% return in C$
Canada: MSCI Canada; U.S.: MSCI USA; International markets: MSCI EAFE; Emerging markets: MSCI Emerging Markets. Source: Morningstar Direct
Fixed income and currency
% return in C$
Canada investment grade: Bloomberg Barclays Canada Aggregate; Global investment grade: Bloomberg Barclays Global Aggregate; U.S. high yield: Bloomberg Barclays U.S. High Yield. Source: Morningstar Direct.
Putting a possible recession in context
The term “recession” comes up frequently in the headline news during periods of economic and geopolitical uncertainty, and today’s climate is no different. The popular definition of a recession is two consecutive quarters of negative GDP results. However, the National Bureau of Economic Research broadly defines a recession as a “significant decline in economic activity spreading across the economy, lasting more than a few months.” NEI Investments believes the risks of a U.S. recession in the near term have increased, but a recession this year or next is still not our base case considering that consumer balance sheets are very healthy in the U.S., savings rates are elevated, and higher wages may help cushion against the impact of higher goods and energy prices.
One common, and potentially problematic, assumption about recessions is that major market declines coincide with declines in economic activity. While markets experience bouts of volatility around recessionary periods, the belief that recession news sparks market corrections is not borne out by evidence. When we examine the last 11 recessions in the United States in comparison to the equity benchmark S&P 500 Index, we can see no real case for markets always declining shortly before and during recessions. In aggregate, the declines are fairly moderate. However, what is most important to note is the degree to which stocks bounced back in the months after recessions end. What this means is that investors who leave the market during recessions might only cement their losses, and then miss the sustained growth cycle that usually follows. While each recession presents a different set of difficulties for investors, remaining invested in the portfolio that matches your investor profile has proven to be a sound strategy to ride out market volatility.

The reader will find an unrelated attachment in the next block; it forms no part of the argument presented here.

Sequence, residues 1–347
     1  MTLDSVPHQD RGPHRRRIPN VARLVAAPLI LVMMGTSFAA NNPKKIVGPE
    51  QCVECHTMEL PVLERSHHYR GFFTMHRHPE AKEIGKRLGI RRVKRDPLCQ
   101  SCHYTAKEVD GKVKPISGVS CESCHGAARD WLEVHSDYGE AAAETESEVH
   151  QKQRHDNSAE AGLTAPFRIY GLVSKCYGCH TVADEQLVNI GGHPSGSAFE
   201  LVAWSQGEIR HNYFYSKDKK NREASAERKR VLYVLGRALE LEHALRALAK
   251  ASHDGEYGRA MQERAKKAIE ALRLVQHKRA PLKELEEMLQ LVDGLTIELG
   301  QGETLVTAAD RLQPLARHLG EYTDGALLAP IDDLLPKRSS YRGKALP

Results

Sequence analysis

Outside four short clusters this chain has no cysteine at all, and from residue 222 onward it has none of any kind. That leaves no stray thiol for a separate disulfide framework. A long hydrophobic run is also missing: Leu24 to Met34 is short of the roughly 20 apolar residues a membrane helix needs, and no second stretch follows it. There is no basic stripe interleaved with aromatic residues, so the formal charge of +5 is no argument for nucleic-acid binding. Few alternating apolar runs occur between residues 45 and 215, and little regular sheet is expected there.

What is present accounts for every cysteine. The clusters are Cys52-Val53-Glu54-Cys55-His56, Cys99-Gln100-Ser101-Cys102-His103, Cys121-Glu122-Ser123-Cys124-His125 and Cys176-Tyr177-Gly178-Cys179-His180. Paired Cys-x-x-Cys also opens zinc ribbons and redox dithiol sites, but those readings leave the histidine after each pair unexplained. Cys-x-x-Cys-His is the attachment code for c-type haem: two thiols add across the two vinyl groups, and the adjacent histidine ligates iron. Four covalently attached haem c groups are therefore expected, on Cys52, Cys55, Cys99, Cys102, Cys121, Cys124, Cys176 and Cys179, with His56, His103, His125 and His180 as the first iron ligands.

How stocks behave before, during, after recessions (as gauged by the S&P 500 Index)